• What should a consumer do if his identity has been stolen and used to obtain credit?

    The consumer should first be aware that identity theft is a crime that must be reported to the police authorities. A stumbling block is that, often, this crime is perpetrated by a family member, and the victim does not want to get his family member in trouble; in which case, there is not much we can do. But once the victim does press charges and the state is successful in prosecuting the criminal, the consumer then must formally dispute the items on his credit report. The consumer should obtain a current report from all three credit agencies and highlight the disputed items. The credit agencies are required to respond within 30 days. The agencies must notify you of removal of the item(s) or notify you of the validity of the item(s). If not, then the agency may be in violation of the Fair Credit Reporting Act, and the consumer should contact The Consumer Law Group immediately.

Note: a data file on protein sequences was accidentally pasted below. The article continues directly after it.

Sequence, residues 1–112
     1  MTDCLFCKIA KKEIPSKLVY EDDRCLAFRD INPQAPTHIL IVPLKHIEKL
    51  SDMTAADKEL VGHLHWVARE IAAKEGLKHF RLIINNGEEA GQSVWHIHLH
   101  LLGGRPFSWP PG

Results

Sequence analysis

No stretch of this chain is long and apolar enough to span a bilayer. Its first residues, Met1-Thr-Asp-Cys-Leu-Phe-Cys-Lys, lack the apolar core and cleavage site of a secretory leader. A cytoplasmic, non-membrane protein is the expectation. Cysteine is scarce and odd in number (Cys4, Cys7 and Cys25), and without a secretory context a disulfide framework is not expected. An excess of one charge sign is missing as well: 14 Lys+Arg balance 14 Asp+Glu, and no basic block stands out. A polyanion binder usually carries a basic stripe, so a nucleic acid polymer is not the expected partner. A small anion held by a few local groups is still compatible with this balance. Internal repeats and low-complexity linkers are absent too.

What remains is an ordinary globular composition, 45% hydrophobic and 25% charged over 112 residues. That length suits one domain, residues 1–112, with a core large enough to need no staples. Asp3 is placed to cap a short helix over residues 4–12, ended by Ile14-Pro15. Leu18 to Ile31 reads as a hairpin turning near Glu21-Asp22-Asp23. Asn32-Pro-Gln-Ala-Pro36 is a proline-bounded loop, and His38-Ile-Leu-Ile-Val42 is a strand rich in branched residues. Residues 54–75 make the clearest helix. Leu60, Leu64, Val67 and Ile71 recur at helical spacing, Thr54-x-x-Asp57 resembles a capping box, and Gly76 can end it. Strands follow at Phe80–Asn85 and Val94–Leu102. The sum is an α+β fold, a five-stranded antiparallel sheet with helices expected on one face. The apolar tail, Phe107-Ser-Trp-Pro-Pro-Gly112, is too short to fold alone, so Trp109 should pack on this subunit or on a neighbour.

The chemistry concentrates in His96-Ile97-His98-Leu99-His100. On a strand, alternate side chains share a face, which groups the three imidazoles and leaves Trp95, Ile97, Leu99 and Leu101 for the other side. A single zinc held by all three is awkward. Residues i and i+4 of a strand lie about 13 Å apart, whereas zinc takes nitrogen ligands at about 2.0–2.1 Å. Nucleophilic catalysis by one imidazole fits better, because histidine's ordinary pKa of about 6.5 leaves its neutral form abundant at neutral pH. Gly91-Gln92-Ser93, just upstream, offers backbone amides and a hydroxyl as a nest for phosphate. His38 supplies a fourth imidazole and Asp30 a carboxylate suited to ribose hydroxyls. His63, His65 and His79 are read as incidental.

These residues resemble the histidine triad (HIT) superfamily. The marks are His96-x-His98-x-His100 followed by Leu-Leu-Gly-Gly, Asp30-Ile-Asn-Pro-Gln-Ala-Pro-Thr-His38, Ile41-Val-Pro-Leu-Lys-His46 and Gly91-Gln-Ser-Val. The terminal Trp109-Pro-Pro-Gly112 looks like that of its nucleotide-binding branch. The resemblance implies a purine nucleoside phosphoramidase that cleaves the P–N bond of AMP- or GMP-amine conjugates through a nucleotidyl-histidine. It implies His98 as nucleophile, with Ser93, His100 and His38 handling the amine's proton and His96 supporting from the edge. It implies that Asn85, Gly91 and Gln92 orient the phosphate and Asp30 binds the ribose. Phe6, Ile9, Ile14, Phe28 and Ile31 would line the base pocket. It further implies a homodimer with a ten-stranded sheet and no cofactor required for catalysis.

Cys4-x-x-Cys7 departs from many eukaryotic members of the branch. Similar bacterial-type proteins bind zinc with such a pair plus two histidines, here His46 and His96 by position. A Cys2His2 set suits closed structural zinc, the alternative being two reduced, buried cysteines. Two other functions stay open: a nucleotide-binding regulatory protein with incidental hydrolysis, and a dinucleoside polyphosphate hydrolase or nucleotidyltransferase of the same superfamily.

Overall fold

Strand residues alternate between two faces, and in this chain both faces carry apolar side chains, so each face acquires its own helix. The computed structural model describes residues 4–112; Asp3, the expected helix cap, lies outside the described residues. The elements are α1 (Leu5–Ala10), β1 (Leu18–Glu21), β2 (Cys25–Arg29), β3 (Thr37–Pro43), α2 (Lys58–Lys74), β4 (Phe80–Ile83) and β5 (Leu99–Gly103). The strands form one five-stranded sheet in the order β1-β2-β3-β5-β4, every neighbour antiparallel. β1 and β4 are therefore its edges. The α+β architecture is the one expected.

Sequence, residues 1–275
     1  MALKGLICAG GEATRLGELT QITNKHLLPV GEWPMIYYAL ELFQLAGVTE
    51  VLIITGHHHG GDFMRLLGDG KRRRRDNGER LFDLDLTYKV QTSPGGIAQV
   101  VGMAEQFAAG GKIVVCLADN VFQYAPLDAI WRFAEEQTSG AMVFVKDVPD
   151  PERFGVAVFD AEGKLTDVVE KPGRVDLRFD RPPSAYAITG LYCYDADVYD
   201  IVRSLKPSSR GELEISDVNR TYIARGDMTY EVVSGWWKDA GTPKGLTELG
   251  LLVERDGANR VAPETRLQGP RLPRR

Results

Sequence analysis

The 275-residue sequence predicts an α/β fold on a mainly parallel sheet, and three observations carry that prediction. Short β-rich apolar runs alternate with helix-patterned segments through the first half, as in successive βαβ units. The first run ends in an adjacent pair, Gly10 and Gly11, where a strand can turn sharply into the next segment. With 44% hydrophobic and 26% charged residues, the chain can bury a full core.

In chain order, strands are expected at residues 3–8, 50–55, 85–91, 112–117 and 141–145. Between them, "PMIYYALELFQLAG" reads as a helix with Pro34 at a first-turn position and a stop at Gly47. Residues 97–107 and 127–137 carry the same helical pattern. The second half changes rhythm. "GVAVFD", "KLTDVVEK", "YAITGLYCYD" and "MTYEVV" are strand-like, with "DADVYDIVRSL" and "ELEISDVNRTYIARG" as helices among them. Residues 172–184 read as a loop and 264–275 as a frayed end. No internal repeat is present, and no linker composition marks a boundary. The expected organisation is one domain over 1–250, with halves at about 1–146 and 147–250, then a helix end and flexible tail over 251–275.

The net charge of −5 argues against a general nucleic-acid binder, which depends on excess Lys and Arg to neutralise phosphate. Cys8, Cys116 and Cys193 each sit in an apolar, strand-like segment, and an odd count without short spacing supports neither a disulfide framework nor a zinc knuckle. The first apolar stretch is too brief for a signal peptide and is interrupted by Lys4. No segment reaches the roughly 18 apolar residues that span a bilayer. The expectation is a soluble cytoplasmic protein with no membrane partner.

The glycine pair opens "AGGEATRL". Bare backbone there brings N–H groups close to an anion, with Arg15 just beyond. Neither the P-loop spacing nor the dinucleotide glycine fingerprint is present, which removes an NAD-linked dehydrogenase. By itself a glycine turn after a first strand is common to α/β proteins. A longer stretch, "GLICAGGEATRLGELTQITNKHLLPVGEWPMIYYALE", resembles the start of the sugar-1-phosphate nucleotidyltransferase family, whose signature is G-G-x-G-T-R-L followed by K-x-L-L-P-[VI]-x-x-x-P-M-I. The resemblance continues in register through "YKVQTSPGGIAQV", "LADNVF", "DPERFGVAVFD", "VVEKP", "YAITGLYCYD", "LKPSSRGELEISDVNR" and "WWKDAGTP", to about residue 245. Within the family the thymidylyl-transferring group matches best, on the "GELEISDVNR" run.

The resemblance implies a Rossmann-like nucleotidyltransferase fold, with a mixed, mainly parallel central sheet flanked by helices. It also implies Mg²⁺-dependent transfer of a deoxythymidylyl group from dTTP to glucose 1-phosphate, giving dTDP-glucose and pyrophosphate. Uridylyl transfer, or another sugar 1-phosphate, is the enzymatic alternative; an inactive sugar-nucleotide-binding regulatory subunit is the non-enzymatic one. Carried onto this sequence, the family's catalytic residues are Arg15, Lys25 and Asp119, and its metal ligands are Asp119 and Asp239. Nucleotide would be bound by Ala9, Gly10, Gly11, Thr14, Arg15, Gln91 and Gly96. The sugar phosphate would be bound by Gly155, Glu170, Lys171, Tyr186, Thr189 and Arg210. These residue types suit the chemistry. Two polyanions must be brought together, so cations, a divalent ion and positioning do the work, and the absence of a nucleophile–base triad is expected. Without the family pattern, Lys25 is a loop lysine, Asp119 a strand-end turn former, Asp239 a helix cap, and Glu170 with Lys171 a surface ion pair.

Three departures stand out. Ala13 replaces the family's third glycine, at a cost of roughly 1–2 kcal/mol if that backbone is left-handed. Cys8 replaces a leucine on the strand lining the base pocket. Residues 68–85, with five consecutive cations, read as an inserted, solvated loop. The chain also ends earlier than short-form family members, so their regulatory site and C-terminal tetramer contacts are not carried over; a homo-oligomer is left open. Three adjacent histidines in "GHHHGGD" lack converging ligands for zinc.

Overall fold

• What are some ways to avoid Credit Fraud Identity Theft?